Falling behind Tesla, Hyundai deploys its own superchargers

Under the name Blue Plug Chargers, Hyundai will start building its own supercharger through its subsidiary, Hyundai Kefico. In its home market, the company wants to get to terms with the more successful rollout of Tesla, which also manufactures high-power chargers.

In 2021, Hyundai announced the launch of its own supercharger network under the name E-Pit. But progress has been slow. While the carmaker aimed for 120 charging points by the end of the year of launch, only 36 are operational today. Over the same period, Tesla’s network has grown from 33 to 106 in South Korea.

Blue Plug Chargers

As Hyundai wants to step up on its rollout, the company now turns to building branded high-power chargers, just like Tesla. E-Pit sourced its equipment from local suppliers like Evsis and SK Signet. Still, according to the newspaper The Korea Economic Daily, Hyundai Kefico has filed with the government to certify the propriety-built Blue Plug Chargers. Kefico focuses on electronic automotive control systems and data services.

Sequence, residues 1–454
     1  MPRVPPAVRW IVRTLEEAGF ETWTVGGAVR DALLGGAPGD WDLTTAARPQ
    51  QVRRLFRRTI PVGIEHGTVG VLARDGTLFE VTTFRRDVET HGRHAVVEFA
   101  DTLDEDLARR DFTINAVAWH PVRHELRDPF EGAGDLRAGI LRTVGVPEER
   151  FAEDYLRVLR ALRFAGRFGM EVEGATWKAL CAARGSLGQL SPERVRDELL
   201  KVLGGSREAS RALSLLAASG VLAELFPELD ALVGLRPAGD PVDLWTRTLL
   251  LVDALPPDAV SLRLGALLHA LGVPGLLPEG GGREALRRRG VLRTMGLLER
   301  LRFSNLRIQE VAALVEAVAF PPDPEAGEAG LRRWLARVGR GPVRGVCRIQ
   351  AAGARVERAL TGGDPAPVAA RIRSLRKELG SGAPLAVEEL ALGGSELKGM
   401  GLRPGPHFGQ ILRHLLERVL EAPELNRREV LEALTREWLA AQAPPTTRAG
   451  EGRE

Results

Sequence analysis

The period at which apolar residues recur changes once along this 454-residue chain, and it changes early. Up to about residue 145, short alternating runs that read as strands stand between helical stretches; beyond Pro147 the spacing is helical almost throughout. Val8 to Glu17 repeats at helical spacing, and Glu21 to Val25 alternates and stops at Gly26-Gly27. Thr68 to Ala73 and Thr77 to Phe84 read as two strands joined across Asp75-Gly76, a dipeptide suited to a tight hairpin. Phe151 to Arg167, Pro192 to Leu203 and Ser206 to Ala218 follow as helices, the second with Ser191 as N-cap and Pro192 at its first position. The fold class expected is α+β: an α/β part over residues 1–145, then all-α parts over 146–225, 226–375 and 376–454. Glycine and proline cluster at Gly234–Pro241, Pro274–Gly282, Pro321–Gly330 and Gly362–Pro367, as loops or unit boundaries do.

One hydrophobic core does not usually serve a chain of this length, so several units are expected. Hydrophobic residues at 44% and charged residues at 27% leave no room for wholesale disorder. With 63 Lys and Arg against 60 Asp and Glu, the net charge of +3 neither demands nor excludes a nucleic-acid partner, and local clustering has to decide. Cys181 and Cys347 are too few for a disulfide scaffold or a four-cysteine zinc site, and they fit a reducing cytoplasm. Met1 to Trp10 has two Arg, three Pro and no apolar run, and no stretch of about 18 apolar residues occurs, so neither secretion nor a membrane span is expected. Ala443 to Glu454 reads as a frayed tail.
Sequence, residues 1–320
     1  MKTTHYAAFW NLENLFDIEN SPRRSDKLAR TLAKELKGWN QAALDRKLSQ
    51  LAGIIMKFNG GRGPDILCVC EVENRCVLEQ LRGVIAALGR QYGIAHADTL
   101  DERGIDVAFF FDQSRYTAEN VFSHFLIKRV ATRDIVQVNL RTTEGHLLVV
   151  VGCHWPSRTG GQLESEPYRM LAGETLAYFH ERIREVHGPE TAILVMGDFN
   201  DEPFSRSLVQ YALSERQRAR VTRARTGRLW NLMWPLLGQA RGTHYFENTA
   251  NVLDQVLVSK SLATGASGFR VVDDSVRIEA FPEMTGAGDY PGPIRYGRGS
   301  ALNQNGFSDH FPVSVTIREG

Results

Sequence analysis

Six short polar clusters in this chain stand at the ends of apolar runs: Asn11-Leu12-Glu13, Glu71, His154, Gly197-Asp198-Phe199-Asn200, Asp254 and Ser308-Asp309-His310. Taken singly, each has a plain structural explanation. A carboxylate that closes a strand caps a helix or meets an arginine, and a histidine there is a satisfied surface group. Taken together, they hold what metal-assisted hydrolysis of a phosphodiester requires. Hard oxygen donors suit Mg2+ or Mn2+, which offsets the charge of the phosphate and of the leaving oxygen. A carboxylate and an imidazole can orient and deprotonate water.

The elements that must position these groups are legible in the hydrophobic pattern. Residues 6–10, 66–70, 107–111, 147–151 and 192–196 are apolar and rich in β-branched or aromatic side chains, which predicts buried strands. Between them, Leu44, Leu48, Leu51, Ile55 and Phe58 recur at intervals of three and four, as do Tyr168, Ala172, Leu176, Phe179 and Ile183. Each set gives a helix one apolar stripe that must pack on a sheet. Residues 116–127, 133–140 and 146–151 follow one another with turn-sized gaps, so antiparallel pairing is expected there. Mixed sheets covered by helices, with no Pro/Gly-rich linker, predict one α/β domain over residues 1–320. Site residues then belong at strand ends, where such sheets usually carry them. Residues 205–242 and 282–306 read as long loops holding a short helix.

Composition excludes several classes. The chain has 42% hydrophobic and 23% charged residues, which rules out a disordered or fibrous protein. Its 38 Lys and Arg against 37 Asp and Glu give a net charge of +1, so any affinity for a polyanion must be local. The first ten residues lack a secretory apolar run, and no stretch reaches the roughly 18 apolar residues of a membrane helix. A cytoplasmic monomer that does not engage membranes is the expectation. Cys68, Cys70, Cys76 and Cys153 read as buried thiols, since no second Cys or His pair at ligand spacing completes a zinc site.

Hyundai’s in-house chargers come in two versions: a single pillar with one CCS cable and a double channel post with two plugs. The power output per dock is 350 kW, which complies with the stations E-Pit uses today. Hyundai aims to install them further down the year after receiving official approval.

Extra high building costs

The E-Pit hubs are canopied and marketed as premium charging experiences, using high-end chargers and forcing the suppliers to use expensive components. That’s one of the reasons behind the stalled progress. Penetration is hampered by extra high building costs and the hurdle of not finding enough suppliers.

On average, the current stations cost 150 million won (90 000 euros) for a single 350 kW charger. Hyundai wants the pillars to provide filling times of 10 to 80% under twenty minutes for its own vehicles using the 800-volt technology.

The E-Pit stations feature a design inspired by motorsports and an app enabling digital queuing. They should make their mark with special supportive handles for tilting the hefty cables and autonomous height adjustment. However, these add-ons seem missing on the pictures of the Blue Plug Chargers that Kefico released.

The expansion of the E-Pit network with the new Blue Plug Chargers concentrates on the local market to boost a backdrop in EV adoption. Over in Europe, the company stepped into the Ionity consortium with sister brand Kia in Europe. Despite these collaborations, more and more car manufacturers (Mercedes, Renault, Audi, Porsche…) are developing in-house networks to enhance the experience and customer service.


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